At these monitoring points, dissolved oxygen (DO), pH, and conductivity are three key field-testing parameters.
“We monitor at more than a dozen different sample points along Alameda Creek as well at our percolation ponds,” said John Marchand, Senior Chemist at the Water District Water Quality Laboratory. “Dissolved oxygen measurements provide us with a good indication of the health of the reservoir and the health of our streams. By measuring DO, for example, we can determine that a body of water has not gone septic and that there’s good circulation through the water column.”
The effect of oxidation on streams and the progress of self-purification can both be measured or estimated from the dissolved oxygen content.
In addition to measuring DO on a scheduled basis, field conductivity and pH measurements are also important for the district in monitoring the health of the watershed.
“With these two parameters we can detect if there have been any spills or potential contamination. Also, with conductivity measurement, we can actually determine which tributaries are coming in - in other words we can determine how much flow is coming in from a certain area that could impact the watershed. And, depending upon the stream we are monitoring and where the water is coming from, we can actually identify where we have certain impacts within the watershed. For example, there are two gravel quarries in the district that discharge groundwater into streams, and through conductivity field measurements we can determine when one of these quarries is impacting our streams.”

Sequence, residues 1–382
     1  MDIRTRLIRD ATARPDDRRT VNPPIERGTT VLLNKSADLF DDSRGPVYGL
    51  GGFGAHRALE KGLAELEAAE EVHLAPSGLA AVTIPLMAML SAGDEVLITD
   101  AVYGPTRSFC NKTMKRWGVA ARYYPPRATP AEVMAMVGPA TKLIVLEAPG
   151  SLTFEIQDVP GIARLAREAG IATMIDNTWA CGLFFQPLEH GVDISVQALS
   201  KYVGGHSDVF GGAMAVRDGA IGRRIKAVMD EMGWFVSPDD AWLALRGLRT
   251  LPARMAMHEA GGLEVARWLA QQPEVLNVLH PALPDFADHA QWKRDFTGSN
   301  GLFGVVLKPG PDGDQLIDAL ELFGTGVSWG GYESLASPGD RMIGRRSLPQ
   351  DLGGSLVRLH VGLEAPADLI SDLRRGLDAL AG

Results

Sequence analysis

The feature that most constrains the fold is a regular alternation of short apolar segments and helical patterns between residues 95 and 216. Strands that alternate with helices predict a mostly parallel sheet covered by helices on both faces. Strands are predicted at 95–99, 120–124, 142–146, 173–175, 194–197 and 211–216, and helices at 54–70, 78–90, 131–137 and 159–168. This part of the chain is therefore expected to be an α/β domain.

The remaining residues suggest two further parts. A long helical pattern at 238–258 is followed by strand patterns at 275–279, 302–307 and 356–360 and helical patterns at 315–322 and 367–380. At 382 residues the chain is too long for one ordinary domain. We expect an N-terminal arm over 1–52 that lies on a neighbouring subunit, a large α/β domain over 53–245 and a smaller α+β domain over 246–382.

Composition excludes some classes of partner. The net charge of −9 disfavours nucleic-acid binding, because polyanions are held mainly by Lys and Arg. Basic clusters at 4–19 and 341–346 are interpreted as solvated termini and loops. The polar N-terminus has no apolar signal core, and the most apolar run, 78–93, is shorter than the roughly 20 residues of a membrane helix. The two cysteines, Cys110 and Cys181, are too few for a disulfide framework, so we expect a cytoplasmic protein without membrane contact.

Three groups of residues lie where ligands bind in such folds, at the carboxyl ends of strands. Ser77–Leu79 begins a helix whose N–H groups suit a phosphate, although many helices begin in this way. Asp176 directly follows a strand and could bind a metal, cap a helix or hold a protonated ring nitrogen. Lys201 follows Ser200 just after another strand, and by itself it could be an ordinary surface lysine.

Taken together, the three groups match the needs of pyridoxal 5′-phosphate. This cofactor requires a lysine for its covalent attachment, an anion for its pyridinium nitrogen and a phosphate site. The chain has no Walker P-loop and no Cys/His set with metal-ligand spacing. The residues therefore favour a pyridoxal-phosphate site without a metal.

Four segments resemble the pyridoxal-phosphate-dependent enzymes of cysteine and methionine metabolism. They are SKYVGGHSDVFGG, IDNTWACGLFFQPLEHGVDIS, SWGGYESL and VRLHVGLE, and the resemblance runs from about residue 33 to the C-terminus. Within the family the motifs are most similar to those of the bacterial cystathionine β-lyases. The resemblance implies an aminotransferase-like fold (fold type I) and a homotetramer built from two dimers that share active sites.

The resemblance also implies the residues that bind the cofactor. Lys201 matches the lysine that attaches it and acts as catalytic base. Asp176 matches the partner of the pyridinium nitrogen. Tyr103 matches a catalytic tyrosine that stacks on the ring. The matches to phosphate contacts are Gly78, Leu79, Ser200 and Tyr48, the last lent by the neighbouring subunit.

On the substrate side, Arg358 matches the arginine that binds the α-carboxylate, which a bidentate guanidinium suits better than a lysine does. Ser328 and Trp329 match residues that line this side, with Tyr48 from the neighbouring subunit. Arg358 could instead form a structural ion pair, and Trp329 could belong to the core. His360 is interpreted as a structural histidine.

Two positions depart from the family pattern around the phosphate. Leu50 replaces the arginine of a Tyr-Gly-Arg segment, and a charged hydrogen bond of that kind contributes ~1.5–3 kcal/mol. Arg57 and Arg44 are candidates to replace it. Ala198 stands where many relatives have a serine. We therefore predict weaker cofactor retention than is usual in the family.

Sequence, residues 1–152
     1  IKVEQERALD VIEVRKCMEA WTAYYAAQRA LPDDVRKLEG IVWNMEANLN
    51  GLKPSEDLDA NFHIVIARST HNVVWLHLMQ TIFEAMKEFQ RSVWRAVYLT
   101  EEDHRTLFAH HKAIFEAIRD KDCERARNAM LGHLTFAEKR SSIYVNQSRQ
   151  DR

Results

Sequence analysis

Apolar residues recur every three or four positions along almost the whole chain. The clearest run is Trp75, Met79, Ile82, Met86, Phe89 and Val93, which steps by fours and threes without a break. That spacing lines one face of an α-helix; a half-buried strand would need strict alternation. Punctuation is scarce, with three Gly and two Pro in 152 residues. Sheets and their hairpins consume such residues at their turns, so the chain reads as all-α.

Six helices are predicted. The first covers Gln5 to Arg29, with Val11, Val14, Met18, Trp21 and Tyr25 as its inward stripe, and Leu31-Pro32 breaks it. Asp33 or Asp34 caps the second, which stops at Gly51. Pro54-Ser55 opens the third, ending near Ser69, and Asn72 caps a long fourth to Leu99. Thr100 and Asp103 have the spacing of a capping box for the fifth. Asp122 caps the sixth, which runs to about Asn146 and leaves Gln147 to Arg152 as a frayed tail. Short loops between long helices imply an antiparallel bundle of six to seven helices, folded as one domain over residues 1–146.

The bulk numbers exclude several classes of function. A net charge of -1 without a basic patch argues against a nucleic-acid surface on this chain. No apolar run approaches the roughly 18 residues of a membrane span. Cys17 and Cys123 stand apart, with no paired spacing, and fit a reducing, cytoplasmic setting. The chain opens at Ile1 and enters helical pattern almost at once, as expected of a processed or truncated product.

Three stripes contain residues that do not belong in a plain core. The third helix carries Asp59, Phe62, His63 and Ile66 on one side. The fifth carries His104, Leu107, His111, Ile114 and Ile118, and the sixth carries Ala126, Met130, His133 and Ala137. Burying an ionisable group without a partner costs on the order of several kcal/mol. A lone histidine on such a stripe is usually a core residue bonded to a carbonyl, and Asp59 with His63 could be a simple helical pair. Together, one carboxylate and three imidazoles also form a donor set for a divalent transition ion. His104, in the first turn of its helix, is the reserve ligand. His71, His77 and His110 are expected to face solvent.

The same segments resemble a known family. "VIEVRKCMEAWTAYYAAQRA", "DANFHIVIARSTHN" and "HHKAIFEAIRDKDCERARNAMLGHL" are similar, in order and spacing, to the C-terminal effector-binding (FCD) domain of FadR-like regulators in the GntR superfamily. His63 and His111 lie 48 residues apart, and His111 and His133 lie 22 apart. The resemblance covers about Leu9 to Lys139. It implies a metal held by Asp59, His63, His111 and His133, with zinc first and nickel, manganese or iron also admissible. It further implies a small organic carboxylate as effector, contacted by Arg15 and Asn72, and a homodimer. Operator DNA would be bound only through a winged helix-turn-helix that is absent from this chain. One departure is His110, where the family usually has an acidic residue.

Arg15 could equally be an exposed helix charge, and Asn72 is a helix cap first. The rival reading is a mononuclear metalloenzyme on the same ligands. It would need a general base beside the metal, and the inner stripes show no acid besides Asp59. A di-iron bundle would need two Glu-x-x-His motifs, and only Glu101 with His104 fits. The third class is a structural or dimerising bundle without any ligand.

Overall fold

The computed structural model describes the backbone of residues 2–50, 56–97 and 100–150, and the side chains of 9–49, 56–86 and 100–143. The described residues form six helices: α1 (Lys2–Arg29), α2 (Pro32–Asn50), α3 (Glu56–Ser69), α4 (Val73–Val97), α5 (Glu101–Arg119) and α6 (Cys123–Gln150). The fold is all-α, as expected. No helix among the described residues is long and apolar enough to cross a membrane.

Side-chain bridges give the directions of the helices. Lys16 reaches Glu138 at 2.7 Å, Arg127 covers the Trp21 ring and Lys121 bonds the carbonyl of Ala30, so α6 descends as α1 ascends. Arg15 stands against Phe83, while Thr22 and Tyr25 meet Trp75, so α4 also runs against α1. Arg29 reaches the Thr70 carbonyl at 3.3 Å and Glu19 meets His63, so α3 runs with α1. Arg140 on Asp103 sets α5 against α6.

Assessing New Instrumentation
The Alameda district recently participated in beta testing a new portable electrochemical meter that is the first instrument for field and laboratory use that does not require the user to predetermine parameters. Because of the intense scheduled monitoring of the watershed, handheld instruments play a critical role in day-to-day operations - to quickly gather “snapshots” of conditions of the district’s numerous water sources. Until recently, field personnel had used four separate handheld instruments to measure DO, pH, conductivity, and temperature.